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Thomas Besnard, ABCD de l’Exotique:

“Banana imports: an expensive puzzle”

The beginning of the year has been marked by an increase in contract prices for all banana players, large and small. In fact, all shipping companies have raised their prices to amortize the costs related to the new regulatory constraints on the sulfur content of marine fuels, "IMO sulfur 2020" or "Low Sulfur Surcharge”.

“Important investments have been made in this area recently to improve the diesel combustion process. The sector is indeed evolving and taking responsibility with the desire to develop regulations and good practices globally. The costs generated by this tax gave rise to negotiations between distributors and importers in Europe, who agreed that this additional cost should be supported by all actors of the sector,” explains Thomas Besnard, opaque broker negotiator at ABCD de l’Exotique.

“There is some sort of crisis on the banana market in the producing countries”
The current weather conditions are not helping the situation. “Today, we are in dire need of markers: the agricultural yields in the producing countries are low due to lasting unfavorable weather conditions (clouds, rain, lack of sun…). In addition to the weather conditions, the effects of the market currently lead to an undersupplied offer. Since 2019 in Europe, the imported non-contracted volumes for the free market (spot) have been lower than in previous years.”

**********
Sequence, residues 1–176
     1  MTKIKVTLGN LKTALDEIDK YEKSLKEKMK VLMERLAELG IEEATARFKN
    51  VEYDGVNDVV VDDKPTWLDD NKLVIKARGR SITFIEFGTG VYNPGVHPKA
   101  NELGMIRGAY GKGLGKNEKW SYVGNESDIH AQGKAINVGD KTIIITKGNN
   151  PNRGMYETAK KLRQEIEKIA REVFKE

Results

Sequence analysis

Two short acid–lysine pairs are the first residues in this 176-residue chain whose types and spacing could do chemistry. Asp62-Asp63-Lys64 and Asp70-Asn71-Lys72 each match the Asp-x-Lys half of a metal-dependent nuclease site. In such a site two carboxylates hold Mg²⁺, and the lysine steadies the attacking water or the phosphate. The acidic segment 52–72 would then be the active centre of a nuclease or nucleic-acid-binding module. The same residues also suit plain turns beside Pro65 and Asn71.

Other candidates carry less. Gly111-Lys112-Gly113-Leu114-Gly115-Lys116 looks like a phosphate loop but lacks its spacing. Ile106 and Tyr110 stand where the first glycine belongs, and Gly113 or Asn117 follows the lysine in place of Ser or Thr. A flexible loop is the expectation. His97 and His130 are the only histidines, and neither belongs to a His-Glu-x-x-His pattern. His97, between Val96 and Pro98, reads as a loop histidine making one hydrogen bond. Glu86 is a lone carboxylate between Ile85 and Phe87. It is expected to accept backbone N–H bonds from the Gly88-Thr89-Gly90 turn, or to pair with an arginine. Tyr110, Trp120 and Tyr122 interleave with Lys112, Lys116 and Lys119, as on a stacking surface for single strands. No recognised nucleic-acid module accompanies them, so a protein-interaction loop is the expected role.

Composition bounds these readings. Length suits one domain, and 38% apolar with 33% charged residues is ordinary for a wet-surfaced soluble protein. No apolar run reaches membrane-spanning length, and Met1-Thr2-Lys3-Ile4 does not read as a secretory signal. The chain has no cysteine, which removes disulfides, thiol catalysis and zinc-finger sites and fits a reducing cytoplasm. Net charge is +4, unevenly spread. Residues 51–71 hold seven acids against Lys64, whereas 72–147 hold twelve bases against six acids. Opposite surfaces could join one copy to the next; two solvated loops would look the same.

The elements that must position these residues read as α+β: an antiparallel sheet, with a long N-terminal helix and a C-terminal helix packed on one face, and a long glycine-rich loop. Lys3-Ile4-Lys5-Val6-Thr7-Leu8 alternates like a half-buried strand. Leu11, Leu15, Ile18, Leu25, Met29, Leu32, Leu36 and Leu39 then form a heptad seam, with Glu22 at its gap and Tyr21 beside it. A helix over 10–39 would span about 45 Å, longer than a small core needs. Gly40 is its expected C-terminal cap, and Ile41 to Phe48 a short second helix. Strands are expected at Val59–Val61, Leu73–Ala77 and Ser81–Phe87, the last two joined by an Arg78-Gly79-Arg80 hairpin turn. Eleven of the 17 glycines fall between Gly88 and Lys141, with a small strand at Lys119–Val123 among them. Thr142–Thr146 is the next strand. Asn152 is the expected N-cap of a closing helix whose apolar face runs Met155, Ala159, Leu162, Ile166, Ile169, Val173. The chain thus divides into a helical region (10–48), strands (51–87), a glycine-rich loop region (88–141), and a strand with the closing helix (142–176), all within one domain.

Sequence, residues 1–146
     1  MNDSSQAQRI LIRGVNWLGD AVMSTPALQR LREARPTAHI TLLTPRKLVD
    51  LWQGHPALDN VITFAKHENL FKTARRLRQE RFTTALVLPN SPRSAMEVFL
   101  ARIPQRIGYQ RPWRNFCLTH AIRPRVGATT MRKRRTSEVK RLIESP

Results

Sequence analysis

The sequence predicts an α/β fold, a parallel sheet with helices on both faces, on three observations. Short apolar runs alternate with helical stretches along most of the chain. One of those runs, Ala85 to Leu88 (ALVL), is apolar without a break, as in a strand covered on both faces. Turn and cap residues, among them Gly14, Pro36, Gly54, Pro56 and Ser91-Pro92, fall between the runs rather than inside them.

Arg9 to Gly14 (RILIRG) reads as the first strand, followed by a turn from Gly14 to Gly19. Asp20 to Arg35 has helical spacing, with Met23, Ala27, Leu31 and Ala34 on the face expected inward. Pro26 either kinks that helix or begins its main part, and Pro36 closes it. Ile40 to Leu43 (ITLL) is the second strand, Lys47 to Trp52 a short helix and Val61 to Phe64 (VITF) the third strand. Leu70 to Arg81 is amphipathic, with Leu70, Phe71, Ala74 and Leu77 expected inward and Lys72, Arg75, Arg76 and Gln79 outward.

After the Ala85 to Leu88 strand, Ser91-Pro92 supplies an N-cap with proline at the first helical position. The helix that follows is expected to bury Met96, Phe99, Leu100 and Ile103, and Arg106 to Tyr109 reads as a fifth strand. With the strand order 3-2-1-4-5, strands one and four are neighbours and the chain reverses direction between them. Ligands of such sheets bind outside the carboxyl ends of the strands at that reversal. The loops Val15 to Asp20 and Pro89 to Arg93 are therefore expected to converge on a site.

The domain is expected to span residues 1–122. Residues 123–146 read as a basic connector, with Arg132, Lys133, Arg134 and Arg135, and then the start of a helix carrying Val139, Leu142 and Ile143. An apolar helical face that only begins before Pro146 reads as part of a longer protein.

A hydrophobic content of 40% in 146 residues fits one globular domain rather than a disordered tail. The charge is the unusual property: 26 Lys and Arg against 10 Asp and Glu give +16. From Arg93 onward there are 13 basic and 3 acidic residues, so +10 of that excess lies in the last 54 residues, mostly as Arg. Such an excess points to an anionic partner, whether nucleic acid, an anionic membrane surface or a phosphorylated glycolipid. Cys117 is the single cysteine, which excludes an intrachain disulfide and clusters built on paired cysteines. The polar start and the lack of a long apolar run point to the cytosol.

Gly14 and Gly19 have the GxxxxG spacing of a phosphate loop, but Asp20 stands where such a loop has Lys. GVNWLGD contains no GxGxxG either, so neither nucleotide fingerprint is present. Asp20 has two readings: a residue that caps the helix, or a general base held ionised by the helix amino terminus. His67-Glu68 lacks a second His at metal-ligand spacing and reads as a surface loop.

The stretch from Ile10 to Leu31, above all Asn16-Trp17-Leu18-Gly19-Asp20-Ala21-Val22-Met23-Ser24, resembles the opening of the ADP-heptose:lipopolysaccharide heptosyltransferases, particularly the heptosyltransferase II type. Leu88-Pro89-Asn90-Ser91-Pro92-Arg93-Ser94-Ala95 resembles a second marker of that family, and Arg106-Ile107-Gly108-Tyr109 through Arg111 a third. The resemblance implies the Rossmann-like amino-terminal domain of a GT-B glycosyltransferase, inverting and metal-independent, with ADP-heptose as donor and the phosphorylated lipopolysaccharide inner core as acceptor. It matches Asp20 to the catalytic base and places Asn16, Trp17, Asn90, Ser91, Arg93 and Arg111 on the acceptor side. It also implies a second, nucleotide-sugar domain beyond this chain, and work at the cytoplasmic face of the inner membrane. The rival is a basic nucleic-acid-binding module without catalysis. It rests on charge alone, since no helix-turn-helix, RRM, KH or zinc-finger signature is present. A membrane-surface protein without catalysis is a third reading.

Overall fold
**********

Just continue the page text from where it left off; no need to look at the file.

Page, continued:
Thomas mentions a “situation on the market that is currently complex and paradoxical. Even if the spot price indicators suggest that the market is good, we are experiencing difficulties marketing non-contracted volumes.”

It is too early to comment on the consequences of the price increase of maritime freight contracts on consumption. We now know that the impact will not be significant. “Right now, the market completely lacks benchmarks. Some historical banana production areas are no longer so, yields are impacted by increasingly uncertain weather conditions, the economic and political situation in some countries is worrisome, the regulations sometimes drive distributors to change suppliers, and exchange rates have a non-negligible influence on the contracts defined at the beginning of the year.”

“There is a true ‘trade war’ on the banana market today”
According to Thomas, the banana market is saturated. “It is not a question of consumption but of marketing possibility. Today, we observe a market with a lower number of actors each year, increasingly high volumes to put on the market, which are difficult to sell. The seats are taken and they are expensive.”

Thomas Besnard-Schwerdlin will attend Fruit Logistica 2020 in Berlin.

For more information:
Thomas Besnard 
ABCD de L'Exotique 
thomas@bananier.com  
www.bananier.com  


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